At one point, Tim McInnerny, a man with a boyish smile that most (if not all) would hesitate to call handsome (long, scrawny neck, unremarkable features, balding, and the image of Lord Percy from BlackAdder is persistent) looks over at Gina McKee (who plays his paraplegic wife) as she's recounting how they will never have children. He's looking at her with such complete love and adoration, comforting her with his unguarded gaze...that he transforms into an attractive man. A spell-binding fella, even. Just like that.I really like this, how Mir’s tapped into the beautiful and true, into something about the nature of love: Love is powerfully transforming—perhaps one of the most powerful forces we encounter in this life on earth.
It happens again, briefly, and less potently, when he scoops her into his arms and refuses to drive off without her in the car. Lovely.
There's something powerful in someone being loving, being kind, being tender, being comforting, being good. It makes a dorky, skinny girl lovely and it makes a funny looking actor handsome. If only to the subject moved the by the powerful emotions displayed.
I've always said that I'll know if (God forbid!) my husband ever ceases to love me. He will no longer look at me with that look that say, "Gosh, I'd rather look at you than anything in the universe. You are gorgeous!"
I am not gorgeous. I'm fat, out-of-shape, unphotogenic, zit-laden, cellulite-riddled, saggy, and middle-aged. But he looks at me and speaks to me as if I were Angelina Jolie, but with better legs. That is love changing his eyeballs. That's love, altering perception.
It's a phenomenon to which I am quite indebted. And grateful.
So, there's a good reason to be kind, good, comforting, sweet, tender. There's a good reason to let yourself beam out the wonderful things you feel about others. It makes you look BETTER. To someone. Especially, I'd think, to the one who causes the fine feelings to grow and flow out of you.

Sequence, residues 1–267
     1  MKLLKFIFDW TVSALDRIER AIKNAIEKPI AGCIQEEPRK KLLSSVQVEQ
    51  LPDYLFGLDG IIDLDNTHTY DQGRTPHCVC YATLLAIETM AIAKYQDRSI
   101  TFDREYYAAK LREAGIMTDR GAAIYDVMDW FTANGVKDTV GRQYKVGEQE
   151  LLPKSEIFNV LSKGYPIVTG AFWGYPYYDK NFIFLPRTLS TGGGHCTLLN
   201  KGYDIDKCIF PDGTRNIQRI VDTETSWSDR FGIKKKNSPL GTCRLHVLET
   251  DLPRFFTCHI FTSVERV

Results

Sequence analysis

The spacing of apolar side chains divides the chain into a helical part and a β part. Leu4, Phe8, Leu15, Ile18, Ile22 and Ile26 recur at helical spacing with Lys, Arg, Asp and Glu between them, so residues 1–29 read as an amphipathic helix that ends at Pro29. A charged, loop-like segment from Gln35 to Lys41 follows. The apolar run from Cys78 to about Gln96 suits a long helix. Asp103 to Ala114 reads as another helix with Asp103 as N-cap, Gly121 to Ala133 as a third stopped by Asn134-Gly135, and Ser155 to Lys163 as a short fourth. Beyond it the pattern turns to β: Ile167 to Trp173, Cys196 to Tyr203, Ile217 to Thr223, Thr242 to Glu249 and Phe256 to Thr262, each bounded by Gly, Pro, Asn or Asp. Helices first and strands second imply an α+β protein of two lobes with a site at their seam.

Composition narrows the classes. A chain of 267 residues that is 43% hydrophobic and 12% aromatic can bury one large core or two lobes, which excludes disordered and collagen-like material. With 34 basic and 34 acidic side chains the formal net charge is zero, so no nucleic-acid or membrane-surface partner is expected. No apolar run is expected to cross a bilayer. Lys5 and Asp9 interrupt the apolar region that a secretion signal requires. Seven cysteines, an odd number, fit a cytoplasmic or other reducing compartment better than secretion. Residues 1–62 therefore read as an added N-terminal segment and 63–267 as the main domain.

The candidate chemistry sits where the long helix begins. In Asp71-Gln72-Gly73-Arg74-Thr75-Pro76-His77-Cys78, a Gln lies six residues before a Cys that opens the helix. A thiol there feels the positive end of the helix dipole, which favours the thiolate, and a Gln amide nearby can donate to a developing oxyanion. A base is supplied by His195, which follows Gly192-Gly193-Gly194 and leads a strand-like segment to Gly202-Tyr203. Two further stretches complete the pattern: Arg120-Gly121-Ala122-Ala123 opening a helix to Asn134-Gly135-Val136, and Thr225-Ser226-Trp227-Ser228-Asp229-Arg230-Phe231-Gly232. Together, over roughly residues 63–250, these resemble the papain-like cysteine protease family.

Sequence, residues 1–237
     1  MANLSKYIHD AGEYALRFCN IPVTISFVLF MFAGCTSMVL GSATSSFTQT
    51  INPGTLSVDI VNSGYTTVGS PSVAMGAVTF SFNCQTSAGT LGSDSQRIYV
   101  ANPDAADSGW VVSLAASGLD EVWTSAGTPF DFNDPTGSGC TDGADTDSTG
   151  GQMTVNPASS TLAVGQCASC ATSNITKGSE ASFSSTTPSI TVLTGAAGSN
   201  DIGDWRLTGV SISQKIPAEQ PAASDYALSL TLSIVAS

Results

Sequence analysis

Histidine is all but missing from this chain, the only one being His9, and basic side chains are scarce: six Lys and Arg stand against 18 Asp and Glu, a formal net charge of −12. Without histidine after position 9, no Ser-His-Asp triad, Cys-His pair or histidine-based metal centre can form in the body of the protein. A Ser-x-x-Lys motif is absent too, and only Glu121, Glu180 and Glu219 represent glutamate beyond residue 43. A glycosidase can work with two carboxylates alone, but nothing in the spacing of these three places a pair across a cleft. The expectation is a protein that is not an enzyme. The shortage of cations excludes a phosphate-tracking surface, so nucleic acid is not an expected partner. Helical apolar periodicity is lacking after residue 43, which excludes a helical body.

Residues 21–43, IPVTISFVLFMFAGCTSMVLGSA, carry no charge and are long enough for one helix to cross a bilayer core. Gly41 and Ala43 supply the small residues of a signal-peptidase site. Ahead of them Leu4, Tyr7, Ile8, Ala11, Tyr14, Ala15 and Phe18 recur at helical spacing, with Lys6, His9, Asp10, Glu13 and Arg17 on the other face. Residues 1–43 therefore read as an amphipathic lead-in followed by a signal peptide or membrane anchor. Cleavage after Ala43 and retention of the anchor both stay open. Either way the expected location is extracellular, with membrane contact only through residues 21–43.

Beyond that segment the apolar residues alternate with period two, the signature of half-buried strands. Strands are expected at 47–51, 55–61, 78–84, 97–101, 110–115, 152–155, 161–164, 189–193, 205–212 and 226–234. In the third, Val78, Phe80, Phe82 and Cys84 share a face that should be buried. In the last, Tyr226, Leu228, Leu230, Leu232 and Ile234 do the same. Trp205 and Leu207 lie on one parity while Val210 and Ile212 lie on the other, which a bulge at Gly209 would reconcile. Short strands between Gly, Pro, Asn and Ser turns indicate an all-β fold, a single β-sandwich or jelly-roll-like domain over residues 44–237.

To love like that seems to me to be one of those things, one of those capacities, we carry with us as beings created in the image of our God, who John says is Love. And, amazingly, in the Kingdom that expression of and incredible ability to love so transformingly is amplified. Somehow, as we live in God and his Kingdom, the capacity we carry as human beings to love just by being created in the image of God explodes. Its power and saturation expands, deepens, broadens, widens.
When Jesus loved in flesh and blood, people were utterly and astoundingly transformed from the inside out. And when we realize Jesus loves us like that now, when we start getting a grasp on the depth and breadth of God’s love for us, we can’t contain it. And it spills out of us, not only on our husbands, wives, children and friends, but on those we encounter as we go. And when that love spills out of us, not only do others transform but we do ourselves. And we transform like all those who experience Jesus' love: from the inside out.
(Image: by Cattrin at flickr; Some rights reserved)